In my previous post, I suggested a network view of authorship and contributions, rather than a linear list. To my mind, this solves many of the problems above. I received a number of questions about how the paper could be cited, and how credit would be quantified. To answer these, perhaps the network view could be enhanced in two ways. One possibility is to combine it with an alphabetic author list, so that there is no longer any hierarchy in that list. The second possibility – and I am not sure if I am sold on this – could be to (optionally) include a percentage contribution for each of the authors. This could satisfy the needs of those involved in bean-counting exercises (e.g. the REF).

Research grants allowing only one PI. Some grant organizations, for example RCUK, only allow a single PI on a grant. This means that where two or three people contribute equally to an application, their contributions cannot be equitably recognized. This situation is so easily remedied. The Wellcome Trust, for example, allows ‘Investigator Awards’ with two equal collaborators. Even the RCUK situation is inconsistent: two people from two different institutions can both be recognized as PIs, while if they were in the same institution one would have to be a co-I. We can call on all granting bodies to allow research grants to have more than one PI, listed as co-PIs, with joint and several responsibility for its delivery.

Individualized REF returns. For those outside British academia, you might be unaware of the REF (Research Excellence Framework): a process to apportion money between universities. University departments are assessed on the basis of their outputs (e.g. research papers that have already been peer reviewed and published) and then ranked. The REF can be criticized on many fronts; the problem with regards individualization is that departments need to decide which individual researchers to ‘submit’ to the REF and which not. Researchers submitted list their top four papers which are then given a number of ‘stars’ between 0 and 4. So with multidisciplinary papers from authors in the same department, this creates tension as to who ‘gets’ the papers for their REF return. And the stakes are high – an academic’s job is at risk if they are not submitted. Serious problem if two or three people in a department do their best work together and publish together.

Again, the remedy is simple. There is no need to individualize the return. The recent Stern review of the REF has suggested that different individuals in a department could return more or fewer papers – but it doesn’t go far enough! It would be just as easy to alter the REF so that university departments return their best papers – and these might be single or multi-disciplinary, involve one lab, two labs or many.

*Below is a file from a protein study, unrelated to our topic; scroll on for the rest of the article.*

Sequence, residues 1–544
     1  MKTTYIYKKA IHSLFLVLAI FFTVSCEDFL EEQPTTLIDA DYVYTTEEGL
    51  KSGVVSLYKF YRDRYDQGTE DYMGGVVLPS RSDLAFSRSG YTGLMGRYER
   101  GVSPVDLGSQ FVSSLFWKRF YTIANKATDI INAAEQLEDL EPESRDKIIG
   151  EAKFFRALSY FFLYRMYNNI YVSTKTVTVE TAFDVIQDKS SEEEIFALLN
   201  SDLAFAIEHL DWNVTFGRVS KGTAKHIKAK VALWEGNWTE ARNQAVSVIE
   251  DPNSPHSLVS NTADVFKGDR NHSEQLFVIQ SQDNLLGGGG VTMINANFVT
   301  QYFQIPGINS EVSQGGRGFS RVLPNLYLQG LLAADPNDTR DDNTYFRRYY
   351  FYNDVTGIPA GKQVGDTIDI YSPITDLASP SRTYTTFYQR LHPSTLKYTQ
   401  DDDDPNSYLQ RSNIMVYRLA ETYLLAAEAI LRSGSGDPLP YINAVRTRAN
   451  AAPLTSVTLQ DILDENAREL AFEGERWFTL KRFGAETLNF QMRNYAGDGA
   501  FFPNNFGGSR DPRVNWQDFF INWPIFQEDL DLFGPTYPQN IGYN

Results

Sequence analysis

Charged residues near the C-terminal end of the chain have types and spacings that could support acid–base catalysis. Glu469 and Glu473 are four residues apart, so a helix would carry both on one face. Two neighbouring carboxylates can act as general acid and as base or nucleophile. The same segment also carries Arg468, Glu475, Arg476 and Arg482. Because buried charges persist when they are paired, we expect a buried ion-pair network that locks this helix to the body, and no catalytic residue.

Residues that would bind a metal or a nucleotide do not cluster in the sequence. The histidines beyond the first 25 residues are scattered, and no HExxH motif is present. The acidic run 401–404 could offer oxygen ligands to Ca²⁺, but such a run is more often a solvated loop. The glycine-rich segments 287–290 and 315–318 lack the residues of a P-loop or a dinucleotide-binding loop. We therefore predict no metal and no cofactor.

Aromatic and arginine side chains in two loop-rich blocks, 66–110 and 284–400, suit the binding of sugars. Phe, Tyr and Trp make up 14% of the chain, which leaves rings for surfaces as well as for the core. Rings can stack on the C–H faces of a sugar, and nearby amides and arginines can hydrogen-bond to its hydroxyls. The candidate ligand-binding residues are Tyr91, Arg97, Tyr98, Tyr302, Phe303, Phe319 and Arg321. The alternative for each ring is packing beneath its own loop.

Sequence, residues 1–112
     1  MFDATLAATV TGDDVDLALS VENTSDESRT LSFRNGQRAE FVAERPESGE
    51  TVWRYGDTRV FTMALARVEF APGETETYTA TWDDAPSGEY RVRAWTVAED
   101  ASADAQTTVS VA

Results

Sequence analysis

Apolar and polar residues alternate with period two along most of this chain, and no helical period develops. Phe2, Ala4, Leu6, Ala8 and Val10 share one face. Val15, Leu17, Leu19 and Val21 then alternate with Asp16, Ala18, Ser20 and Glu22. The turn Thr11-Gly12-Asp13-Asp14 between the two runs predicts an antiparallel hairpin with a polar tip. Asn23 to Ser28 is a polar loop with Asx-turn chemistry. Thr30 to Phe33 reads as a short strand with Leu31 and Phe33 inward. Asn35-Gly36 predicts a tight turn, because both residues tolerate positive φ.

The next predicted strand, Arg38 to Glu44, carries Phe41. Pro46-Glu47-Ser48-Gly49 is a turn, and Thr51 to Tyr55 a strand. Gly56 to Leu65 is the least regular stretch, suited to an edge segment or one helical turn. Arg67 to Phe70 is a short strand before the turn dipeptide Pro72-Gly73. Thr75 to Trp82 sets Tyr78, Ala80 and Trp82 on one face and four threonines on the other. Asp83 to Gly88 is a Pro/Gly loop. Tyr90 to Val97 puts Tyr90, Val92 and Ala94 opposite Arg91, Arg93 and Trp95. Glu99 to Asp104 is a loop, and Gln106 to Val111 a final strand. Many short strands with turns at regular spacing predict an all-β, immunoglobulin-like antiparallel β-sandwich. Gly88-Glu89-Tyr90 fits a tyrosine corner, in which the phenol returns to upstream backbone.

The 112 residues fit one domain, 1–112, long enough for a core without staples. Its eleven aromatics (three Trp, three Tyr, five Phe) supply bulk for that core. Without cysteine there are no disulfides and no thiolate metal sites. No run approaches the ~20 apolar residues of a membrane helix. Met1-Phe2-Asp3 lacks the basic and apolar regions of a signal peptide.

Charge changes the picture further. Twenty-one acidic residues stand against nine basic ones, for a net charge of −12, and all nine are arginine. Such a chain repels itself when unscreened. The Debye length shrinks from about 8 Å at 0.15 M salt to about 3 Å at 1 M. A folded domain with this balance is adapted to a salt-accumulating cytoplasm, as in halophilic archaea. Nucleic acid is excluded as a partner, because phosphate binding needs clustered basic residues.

Workload planning models. Many universities in the UK are now implementing some kind of model of what work academics are doing, with points allocated for teaching, research and administrative duties. While on the one hand it is reasonable that tasks are shared in some equitable way, and on the other there is much to criticize about both the principle and practise of such models, here I will focus on the risks to multidisciplinary research that arise from individualization. Workload planning models are intrinsically individualizing. Each of us now has a ‘number’ on our heads – a proportion of a notional “100%” that we are supposed to be working – with risks of being too high (insufficient time for research) or too low (at best receiving an overload of tasks; at worst, redundancy). The problem is that we are judged as individuals – and need to ‘game’ the system as individuals.

Universities are complex, flat, structures, and a great deal of their success rely on acts of good will between colleagues (academic, technical and professional service). Historically, as academic staff, we are regularly doing favours for each other: standing in for tutorials, assessing and examing students, commenting on drafts of papers or grant applications and so forth. With the introduction of formal workload planning points, people start only doing those things that they get ‘points’ for. The helpful culture of saying ‘yes’ to your colleagues is at risk of being replaced with a culture of saying ‘no’.

Somewhere, somehow, these need to be pushed back against, so that we foster a collaborative environment. In the end, I think we need to argue against them for their weaknesses: it is impossible to compare teaching loads, research activity, administrative or leadership roles in a single system. Equity in teaching needs to be achieved through simpler measures of contact hours, not by risking collaborative environments through flawed metrics.